March 5, 2020

  Market Notes
March 5, 2020





     Next up, St. Patrick’s Day, which is on Tuesday, March 17th.  One of the more popular items from last year was the green orchids. These are not grown as green orchids; they are white orchids that are dyed green for the holiday.  This is a very delicate and time consuming process and advance notice is required. If you are interested we need to have orders for the green orchids no later than Tuesday, March 6th so you can receive them with plenty of time prior to the holiday. We also offered green potatoes with advance notice. We would simply expose your pre-order to fluorescent light for a week or so to make sure the skins turned green. That program did not do as well. Numerous other unique greens include nettles, spring onions, fiddlehead ferns and a wide array of micros and edible flowers. So get green with Culinary, give us a call to review our full menu.  

     RAMP UP

     No more teasing. It’s not exactly “start your engines” time but at least we have some dates. Culinary Specialty Produce is now projecting that Fresh Eastern Ramps will ship the week of March 16th. Traditionally they remain expensive for two weeks until the supply explodes.  We predict that will happen the week of March 30th.  Remember, this is all assuming that there is no late season frost or snow causing the growth to stop. Load volume should begin shortly after April 1st. In other spring forage news Lady fiddlehead ferns have begun from Canada. We can offer them forage direct or consolidation out of the LA market. While tasty and cool, there are different from the Ostrich fiddlehead which is bright green. Those come to market late April.  


     I am never alone.  Wanting to be pure and simple my whole life, but it was just not meant to be.  I guess my first association was Greek.  Then I went wild and since then I have been associated with Italians, Mexicans, golden showy, beautiful, wooly white, and happy hills.   While I might be as old as the hills, that flavor won’t make you happy unless you want something scentless, tasteless and green.  Keep that in your medicine cabinet to make poultices help with your everyday scorpion bites, sore muscles, and hair loss.  The Greeks and the Romans discovered me first and I was considered a medicine by many, including Pliny and Dioscorides.  Then the colonists brought me to America for their gardens, but I escaped, becoming wild once again.  Free in the new land, I searched for good ground.  Along the way I meet and fell in love with the tomato, a relationship that has been nurtured ever since.  I also flirted a lot with zucchini, and was often the toast of the cucina.  Then I met my sister (so they tell me) Marge and the confusion began again.  Will it be her green leaves or my white flowers?  Coarse rigini from Greece, or dried for a sprinkle?  Her sweet oil, or my intense concentrated oil?  Did you know it takes 200 pound of my leaves to produce a single pound of my oil?  Anyway, no matter what I end up being called, I am essential in pizza, pasta, and many chili powders.  I am popular in blossom, in fresh green leaf, or dried.  I am often used as a healing tea.  My nutrients include calcium, potassium, vitamin A, magnesium, phosphorus, and iron.  Don’t carry me in a baggie or you’ll be suspect.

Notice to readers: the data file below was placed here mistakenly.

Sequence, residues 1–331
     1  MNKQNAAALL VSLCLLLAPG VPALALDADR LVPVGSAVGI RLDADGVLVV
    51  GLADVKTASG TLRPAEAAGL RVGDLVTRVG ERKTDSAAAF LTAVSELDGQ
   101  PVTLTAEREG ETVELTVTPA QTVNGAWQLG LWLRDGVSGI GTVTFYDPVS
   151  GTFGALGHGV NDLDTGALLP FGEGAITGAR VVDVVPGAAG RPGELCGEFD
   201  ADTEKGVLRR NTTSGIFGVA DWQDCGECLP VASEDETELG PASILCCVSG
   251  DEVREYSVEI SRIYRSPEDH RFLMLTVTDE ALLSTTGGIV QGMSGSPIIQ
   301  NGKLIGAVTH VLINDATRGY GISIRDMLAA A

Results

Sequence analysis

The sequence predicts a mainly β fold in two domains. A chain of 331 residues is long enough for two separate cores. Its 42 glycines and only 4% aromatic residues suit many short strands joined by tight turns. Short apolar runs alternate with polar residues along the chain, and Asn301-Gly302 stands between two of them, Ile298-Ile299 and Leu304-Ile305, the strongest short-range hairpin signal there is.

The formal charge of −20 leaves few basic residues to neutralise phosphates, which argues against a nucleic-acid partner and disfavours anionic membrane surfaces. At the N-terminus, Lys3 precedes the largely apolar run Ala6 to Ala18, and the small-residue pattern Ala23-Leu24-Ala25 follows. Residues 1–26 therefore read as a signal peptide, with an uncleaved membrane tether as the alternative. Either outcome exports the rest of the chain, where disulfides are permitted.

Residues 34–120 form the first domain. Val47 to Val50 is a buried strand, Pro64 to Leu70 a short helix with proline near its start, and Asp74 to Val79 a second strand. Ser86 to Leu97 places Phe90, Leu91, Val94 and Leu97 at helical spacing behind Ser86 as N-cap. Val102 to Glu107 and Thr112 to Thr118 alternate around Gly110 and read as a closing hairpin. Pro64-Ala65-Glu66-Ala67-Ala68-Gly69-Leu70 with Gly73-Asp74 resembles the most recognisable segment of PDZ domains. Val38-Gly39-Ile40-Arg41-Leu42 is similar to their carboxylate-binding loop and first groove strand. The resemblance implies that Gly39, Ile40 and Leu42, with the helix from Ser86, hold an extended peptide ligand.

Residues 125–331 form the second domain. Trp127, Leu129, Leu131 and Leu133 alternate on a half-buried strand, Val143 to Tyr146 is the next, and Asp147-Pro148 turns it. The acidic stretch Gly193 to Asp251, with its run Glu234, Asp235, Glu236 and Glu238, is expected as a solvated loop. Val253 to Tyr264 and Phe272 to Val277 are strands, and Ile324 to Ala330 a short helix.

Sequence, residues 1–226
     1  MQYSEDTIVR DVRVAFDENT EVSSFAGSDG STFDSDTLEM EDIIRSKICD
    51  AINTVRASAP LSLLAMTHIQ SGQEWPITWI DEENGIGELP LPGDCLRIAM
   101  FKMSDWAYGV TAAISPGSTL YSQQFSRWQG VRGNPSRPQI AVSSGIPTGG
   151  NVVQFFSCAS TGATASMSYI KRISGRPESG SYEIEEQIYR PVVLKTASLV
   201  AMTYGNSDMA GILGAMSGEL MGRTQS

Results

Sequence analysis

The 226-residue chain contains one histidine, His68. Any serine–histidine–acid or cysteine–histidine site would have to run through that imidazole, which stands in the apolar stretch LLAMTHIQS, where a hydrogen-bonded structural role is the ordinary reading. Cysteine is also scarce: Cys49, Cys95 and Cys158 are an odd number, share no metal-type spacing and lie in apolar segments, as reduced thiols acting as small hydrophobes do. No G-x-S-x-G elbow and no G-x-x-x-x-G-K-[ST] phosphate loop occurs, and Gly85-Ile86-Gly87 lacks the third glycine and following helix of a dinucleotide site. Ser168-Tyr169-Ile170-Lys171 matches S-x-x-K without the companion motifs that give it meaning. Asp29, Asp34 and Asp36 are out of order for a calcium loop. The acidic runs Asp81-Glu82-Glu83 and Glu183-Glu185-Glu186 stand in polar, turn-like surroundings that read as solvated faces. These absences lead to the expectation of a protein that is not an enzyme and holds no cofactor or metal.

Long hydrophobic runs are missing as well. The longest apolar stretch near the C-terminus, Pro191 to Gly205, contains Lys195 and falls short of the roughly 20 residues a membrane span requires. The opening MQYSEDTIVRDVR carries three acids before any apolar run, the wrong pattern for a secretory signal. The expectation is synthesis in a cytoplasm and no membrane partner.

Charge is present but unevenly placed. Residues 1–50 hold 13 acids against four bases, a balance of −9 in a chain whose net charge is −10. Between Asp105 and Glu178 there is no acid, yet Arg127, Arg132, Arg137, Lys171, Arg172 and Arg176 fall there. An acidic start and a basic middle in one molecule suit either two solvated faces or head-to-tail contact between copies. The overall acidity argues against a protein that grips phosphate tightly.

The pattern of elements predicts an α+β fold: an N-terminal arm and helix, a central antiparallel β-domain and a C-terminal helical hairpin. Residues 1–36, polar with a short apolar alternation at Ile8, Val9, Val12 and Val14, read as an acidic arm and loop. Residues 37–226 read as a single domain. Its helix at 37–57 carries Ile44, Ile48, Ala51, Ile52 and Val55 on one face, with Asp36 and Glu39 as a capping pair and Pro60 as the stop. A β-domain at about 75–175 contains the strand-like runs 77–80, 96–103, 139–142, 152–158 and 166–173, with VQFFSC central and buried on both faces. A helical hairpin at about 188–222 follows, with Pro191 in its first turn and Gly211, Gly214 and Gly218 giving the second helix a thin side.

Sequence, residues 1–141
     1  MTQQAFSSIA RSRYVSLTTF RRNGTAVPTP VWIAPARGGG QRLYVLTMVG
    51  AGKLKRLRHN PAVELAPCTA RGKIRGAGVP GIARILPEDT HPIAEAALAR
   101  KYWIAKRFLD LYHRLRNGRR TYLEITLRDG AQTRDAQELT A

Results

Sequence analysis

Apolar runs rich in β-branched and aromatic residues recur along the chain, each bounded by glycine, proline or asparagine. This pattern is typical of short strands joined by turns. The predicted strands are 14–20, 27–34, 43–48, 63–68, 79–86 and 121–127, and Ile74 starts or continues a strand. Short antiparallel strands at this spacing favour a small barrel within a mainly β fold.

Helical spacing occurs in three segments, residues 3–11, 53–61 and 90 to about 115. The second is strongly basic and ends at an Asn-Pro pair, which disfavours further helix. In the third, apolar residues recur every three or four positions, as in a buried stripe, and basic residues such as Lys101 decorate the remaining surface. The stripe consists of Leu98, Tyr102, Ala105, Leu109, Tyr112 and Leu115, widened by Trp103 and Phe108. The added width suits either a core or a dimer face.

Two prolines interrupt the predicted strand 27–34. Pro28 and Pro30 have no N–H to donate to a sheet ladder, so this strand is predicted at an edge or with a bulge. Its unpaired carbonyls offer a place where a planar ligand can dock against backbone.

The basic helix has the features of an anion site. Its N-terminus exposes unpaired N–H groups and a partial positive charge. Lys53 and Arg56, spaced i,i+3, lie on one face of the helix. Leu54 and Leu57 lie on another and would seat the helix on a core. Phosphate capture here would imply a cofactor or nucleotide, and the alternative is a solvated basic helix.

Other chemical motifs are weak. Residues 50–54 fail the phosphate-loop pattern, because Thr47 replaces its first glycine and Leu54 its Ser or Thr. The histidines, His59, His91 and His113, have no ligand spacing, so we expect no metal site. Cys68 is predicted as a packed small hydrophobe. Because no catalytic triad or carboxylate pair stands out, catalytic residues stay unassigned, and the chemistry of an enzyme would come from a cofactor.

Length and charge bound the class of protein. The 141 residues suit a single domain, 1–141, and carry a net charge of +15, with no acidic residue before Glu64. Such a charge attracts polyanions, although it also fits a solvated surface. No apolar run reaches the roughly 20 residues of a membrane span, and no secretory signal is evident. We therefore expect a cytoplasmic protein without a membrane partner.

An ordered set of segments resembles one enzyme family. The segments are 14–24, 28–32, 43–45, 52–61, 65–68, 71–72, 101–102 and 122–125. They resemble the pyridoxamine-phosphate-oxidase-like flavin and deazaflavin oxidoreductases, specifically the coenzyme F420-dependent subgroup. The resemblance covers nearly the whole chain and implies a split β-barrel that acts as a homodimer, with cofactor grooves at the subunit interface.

Answer to last week’s quiz ….. LEGUMES…..Congrats to all winners

Call 908-789-4700 –Lisa or Richard– Fax 908-789-4702 Visit us at “like” us @ Culinary Specialty Produce on Facebook© Culinary Specialty Produce, Inc., 2015

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